The holiday season has drawn to a close, leaving many Minnesotans with questions about how to properly dispose of their Christmas trees.
While it may seem convenient to toss the tree in the backyard or dump it in a remote area, this can spread invasive pests and diseases that threaten native trees and forests.
Each year over 25 million real Christmas trees are purchased across America. In Minnesota, the Department of Agriculture (MDA) recommends using curbside pickup services or bringing trees to designated drop-off sites, which many cities and counties offer this time of year.
Contact your local waste hauler, city, or county to find available options. You can also use the Minnesota Pollution Control Agency’s map of yard waste compost sites, but call ahead to confirm they accept trees.
If organized pickup or drop-off is unavailable in your area, burning the tree may be possible, but first check your local fire regulations.
The MDA cautions, “Always check fire danger conditions and burning restrictions before burning and follow local ordinances.”
It’s crucial not to dump trees in backyards, woods, or home compost piles, as this can spread pests. Diseases like boxwood blight and invasive insects like elongate hemlock scale can live on out-of-state trees.
When introduced here, they can damage and kill Minnesota’s native hemlocks, firs, spruces, and other trees. Invasive vines like round-leaf bittersweet can also spread through wreaths and decorations.
For these, the safest disposal method is the trash after removing all decorations.
If you suspect a tree or greenery contains invasive pests, report it immediately to the MDA’s Report a Pest line at 1-888-545-6684 or online at www.mda.state.mn.us/reportapest. Don’t attempt personal disposal, as this risks wider spread.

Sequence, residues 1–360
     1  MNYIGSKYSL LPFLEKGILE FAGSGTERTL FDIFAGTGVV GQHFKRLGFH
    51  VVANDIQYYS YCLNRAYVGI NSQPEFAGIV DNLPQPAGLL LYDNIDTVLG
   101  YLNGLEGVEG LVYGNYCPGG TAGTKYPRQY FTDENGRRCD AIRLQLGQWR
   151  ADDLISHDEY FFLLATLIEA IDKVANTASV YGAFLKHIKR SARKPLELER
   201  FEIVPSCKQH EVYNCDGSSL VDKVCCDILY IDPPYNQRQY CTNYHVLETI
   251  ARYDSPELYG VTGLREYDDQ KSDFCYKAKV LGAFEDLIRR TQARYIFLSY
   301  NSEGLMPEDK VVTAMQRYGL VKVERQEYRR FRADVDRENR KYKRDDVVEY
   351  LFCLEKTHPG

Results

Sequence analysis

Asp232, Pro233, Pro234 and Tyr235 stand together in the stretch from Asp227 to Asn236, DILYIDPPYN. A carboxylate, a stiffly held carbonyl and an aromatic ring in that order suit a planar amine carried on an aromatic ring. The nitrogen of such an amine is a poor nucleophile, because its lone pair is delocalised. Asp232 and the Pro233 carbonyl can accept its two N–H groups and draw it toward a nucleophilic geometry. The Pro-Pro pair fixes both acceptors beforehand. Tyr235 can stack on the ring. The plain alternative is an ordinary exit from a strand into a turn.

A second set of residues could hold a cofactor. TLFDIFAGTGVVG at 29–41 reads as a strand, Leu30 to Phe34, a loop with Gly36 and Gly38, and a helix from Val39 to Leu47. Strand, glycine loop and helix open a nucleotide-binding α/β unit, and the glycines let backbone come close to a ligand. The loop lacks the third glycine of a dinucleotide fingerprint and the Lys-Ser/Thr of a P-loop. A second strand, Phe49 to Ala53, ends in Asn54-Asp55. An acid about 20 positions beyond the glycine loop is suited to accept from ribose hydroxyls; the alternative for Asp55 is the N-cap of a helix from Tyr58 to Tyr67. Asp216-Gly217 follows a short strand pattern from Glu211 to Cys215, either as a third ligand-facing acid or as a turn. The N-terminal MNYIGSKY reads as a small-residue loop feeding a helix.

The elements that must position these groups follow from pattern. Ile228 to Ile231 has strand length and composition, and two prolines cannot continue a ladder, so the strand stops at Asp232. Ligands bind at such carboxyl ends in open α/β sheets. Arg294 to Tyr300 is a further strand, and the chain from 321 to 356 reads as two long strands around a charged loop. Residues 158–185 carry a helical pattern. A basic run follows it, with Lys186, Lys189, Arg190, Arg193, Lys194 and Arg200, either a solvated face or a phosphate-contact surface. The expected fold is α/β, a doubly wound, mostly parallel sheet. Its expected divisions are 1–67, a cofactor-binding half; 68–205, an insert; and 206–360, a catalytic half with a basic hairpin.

Here are disposal options and rules for the Twin Cities area:
Remove all decorations including lights, ornaments, tinsel, stands, and wrapping.
- Cut trees over 6 feet tall in half before setting curbside.
- Do not put trees in plastic bags.
- Place trees on the curb on regular trash day.
- Wreaths and garlands should go in the trash, not yard waste.
Minneapolis offers curbside Christmas tree pickup. Trees over 6 feet must be cut in half. The city says trees are often sprayed with chemicals so they are burned for energy.
St. Paul provides curbside pickup from Jan. 2-15, but only one tree per property. Trees over 6 feet or 20 pounds may need disposal as a bulky item.
Carver County’s Environmental Center provides free drop-off from Dec. 29-Jan. 29 for county residents. Boy Scout Troop 337 also organizes pickups. Cities like Cologne, Mayer, and Norwood Young America have options too. Ask haulers if they offer pickup.
Dakota County lists yard waste drop-off sites, but check for fees. Resource Recover Technologies in Rosemount and Gertens Brickyard both receive live Chrimast Trees and Wreaths. West St. Paul says many haulers provide post-Christmas pickup.
Hennepin County provides a list of city recycling contacts and places accepting old holiday lights. Contact your hauler about tree disposal.
Ramsey County offers drop-off at Arden Hills, Frank and Sims, Midway, and White Bear Township yard waste sites. It also advises contacting your hauler about pickup options. Their household hazardous waste collection site accepts holiday lights and electrical cords.
In Scott County the Shakopee Mdewakanton Sioux Community’s Organics Recycling is allowing free drop off December 26th – January 26th Monday – Friday from 8am – 3pm. Dick’s Sanitation in Shakopee picks up trees January 2nd – January 12th for a $20 fee.
In Washington County, the Newport Recycling Center takes trees for a fee.
By properly disposing of Christmas trees through available pickup or drop-off options, Twin Cities residents can prevent invasive pest spread and help trees get recycled or beneficially reused.
Act quickly once the holidays end to ensure your tree doesn’t end up where it doesn’t belong. With a few simple precautions, we can protect Minnesota’s forests and landscapes.